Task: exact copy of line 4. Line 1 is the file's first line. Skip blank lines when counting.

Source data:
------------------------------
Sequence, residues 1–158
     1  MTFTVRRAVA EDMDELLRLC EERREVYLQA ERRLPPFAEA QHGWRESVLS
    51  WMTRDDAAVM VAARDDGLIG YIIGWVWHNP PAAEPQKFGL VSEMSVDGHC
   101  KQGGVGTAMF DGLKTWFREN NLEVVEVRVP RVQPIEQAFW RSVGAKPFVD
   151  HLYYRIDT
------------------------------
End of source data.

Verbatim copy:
   101  KQGGVGTAMF DGLKTWFREN NLEVVEVRVP RVQPIEQAFW RSVGAKPFVD